The Best List

The Best Frying Pans You Can Buy for 2024 and Beyond

updated Nov 30, 2023
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Credit: Leela Cyd

The frying pan (aka fry pan or skillet, but not to be confused with a sauté pan) is probably the hardest-working piece of cookware in any kitchen. It’s what we reach for when it’s time to make a frittata, fry up some eggs, sear some steak, and so much more. But there are so many types of frying pans out there! There are cast-iron skillets, enameled cast-iron skillets, nonstick, ceramic nonstick, etc! Which kind you like is mostly just a personal preference, and the best tool usually depends on the task at hand (searing meat in a stainless-steel skillet tends to work better than searing meat in a nonstick skillet, for example). It’s just that, when it comes to each category, some pans are better than others. So, to help make things easier, we rounded up our favorite picks for each type of frying pan. Happy cooking!

Do you have a pan you swear by that we missed? We want to hear all about it. Tell us about your favorite finds in the comments below!

1 / 6
was $34.25

Best Cast Iron Skillet

Kitchn is Team Lodge all the way. These pre-seasoned pans are made in the U.S., very affordable, durable, and heat up evenly. And we think Lodge skillets build up the best patina over time, which means you’ll end up passing this pan down for generations. We’re not the only ones who like it either — it’s a favorite among professional chefs and it’s the bestselling cast iron skillet brand on Amazon. The 10.25-inch version, ideal for smaller kitchens and smaller households, has more than 86,000 five-star reviews. (If you have a larger family, get the 12-inch option.)

2 / 6
Williams Sonoma
was $200.00

Best Enameled Cast Iron Skillet

With an enameled cast iron skillet, you get the benefits of cast iron (hot, even cooking in a pan that retains heat) and fewer things to worry about. You can still brush the inside with a little bit of oil to maintain that matte black finish, but you can use dish soap and acidic ingredients with relative abandon. (You can use both with a well-seasoned cast iron pan — you just have to be careful!) Plus, the textured interior helps meat brown exceptionally well. This one is definitely higher on the price scale (you can find other options that are at least $100 cheaper), but it’s sure to last you a lifetime.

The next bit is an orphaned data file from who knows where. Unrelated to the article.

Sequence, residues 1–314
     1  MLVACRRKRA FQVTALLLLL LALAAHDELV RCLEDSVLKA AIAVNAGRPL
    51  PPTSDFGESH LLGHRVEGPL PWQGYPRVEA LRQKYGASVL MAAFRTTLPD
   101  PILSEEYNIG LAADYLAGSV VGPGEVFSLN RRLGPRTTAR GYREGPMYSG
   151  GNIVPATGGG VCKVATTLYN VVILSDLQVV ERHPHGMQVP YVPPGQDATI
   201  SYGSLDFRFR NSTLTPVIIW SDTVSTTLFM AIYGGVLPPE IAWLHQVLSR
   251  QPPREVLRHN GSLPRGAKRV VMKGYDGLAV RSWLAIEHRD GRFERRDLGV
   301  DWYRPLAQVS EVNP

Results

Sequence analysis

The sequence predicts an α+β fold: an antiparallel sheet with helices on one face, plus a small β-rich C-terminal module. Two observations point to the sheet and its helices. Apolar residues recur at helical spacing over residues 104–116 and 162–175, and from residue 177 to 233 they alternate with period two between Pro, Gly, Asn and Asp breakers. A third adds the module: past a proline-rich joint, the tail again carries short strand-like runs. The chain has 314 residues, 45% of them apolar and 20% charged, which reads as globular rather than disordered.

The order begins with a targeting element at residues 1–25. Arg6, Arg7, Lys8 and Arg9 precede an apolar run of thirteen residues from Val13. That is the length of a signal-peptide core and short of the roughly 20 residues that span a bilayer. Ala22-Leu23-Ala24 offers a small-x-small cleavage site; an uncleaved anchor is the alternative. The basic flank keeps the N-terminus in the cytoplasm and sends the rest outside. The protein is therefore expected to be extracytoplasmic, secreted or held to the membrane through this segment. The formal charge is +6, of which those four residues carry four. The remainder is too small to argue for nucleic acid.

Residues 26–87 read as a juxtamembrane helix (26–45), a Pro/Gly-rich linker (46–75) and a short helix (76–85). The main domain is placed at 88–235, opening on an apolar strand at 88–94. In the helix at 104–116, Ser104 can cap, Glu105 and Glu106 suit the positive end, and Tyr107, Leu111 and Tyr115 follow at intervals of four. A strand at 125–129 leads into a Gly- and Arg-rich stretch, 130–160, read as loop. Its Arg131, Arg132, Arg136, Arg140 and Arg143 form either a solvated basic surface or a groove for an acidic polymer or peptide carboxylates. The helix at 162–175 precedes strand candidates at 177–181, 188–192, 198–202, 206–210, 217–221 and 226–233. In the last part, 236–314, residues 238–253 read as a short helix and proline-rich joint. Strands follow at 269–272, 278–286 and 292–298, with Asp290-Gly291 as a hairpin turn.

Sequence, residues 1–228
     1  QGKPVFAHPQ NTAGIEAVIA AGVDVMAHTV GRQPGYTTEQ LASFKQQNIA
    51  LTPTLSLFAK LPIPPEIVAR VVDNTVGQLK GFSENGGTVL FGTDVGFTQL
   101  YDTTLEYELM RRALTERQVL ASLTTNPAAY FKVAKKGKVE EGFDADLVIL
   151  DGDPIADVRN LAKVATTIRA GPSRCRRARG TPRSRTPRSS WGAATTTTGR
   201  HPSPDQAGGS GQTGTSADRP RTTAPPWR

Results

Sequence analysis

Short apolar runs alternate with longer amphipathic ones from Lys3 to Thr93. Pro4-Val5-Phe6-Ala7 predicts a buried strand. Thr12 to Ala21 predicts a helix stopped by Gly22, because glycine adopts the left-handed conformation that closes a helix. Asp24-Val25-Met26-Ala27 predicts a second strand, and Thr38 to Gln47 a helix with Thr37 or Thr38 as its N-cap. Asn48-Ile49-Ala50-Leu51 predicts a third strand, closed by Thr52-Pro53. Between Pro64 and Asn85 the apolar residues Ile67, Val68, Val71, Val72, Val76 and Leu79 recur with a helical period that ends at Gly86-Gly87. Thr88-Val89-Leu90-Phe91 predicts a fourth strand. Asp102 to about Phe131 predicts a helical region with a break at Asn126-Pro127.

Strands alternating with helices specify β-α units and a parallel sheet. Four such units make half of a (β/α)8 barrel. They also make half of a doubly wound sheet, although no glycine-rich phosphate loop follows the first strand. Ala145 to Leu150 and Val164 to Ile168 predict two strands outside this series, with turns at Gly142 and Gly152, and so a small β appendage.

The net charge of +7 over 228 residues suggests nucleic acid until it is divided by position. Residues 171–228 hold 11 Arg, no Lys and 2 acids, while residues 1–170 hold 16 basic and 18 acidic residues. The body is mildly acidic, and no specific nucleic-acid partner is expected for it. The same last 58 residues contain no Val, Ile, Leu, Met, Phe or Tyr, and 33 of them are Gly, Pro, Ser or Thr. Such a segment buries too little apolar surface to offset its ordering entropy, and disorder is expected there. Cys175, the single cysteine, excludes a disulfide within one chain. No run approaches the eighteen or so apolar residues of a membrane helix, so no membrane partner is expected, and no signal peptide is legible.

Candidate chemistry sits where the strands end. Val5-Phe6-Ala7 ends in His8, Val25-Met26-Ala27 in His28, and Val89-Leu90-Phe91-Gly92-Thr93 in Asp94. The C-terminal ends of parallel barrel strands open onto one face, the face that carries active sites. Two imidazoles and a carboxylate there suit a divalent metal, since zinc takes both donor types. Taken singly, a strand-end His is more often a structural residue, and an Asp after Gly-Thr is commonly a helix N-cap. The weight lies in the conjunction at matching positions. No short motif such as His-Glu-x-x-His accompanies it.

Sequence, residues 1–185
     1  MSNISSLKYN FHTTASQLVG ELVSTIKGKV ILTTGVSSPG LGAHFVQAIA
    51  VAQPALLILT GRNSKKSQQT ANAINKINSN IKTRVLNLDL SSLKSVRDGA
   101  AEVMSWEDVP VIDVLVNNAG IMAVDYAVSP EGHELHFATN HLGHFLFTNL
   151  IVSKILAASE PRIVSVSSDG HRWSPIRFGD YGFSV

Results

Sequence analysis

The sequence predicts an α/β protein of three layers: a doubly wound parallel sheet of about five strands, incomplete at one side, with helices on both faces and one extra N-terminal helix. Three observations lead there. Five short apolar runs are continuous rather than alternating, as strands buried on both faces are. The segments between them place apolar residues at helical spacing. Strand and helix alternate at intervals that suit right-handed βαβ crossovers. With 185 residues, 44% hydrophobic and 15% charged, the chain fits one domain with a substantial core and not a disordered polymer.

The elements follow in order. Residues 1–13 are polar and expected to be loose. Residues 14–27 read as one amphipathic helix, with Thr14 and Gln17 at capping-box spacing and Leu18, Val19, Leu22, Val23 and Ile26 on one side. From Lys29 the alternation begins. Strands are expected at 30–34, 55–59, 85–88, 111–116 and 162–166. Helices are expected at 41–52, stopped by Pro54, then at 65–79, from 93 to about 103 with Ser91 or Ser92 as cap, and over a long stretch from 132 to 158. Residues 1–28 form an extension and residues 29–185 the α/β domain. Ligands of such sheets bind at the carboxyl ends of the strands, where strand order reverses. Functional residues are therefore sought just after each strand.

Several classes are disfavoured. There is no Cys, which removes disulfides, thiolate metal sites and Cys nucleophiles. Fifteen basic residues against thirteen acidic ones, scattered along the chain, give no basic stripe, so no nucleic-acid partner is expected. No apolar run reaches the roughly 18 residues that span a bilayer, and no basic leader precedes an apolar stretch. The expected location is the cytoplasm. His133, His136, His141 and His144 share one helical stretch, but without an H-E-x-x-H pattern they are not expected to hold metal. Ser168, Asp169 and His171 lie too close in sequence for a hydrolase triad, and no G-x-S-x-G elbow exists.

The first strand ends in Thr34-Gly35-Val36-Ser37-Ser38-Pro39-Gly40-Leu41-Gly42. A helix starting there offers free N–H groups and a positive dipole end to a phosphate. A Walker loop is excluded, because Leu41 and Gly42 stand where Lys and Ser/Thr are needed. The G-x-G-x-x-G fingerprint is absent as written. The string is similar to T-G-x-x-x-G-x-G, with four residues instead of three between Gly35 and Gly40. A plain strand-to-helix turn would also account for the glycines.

3 / 6
Williams Sonoma
was $220.00

Best Stainless Steel Skillet

Readers frequently ask us if All-Clad really is worth the money, and we can’t emphasize enough that it is. You don’t need to splurge for top-of-the-line All-Clad; You can go with the less expensive d3 pans and still end up with top-notch cookware. The d3 line features three layers (aluminum sandwiched between stainless steel), heats super evenly, has a sturdy handle with a lightweight body, and doesn’t discolor too easily. (Also, All-Clad frequently has factory sales on seconds — meaning, pieces with very minor imperfections — and we often write about them, so be sure to look out for those.)

4 / 6

Best Nonstick Skillet

When it comes to nonstick skillets, it’s hard to beat anything by Anolon. Our long-time favorite was recently phased out, so we’ve been testing out this similar option and love it. The company says it’ll last 16 times longer than traditional nonstick, and we’ve found that it releases pancakes, eggs, and burgers even better than our old pick.

5 / 6
was $95.00

Best Ceramic Nonstick Skillet

Lots of ceramic nonstick skillets start off very nonstick-y but lose that quality ... rather quickly. (See: Here’s What You Need to Know About Ceramic Nonstick Pans.) If you're looking for just a skillet, go with Caraway, a direct-to-consumer cookware brand that's extremely transparent about what does (and doesn't) go into its pots. Actually, go with this brand if you're looking for a full set, too. Several kitchen staffers have these pans and can't stop raving about how nonstick they are and how easy they are to clean.

6 / 6
Made In

Best Carbon Steel Frying Pan

If you want the conductivity of cast iron but need something lighter, you should look at a carbon steel frying pan — specifically this carbon steel pan. Food Editor, Meghan Splawn, was the first on the Kitchn team to try out this pan — and now so many of us are obsessed with it. It doesn’t come pre-seasoned like some other options out there, so you do have to prep it. We love the shape of the pan (the high sides help contain messes during stovetop frying sessions and make it easy to flip veggies), how it gets more and more nonstick the more you use it, and that it browns food faster than cast iron can. Honestly, we were shocked by the price, too. While it’s not the cheapest carbon steel skillet out there, it’s incredibly high-quality from a top new direct-to-consumer cookware brand, which gets the thumbs up from loads of celebrity and top chefs.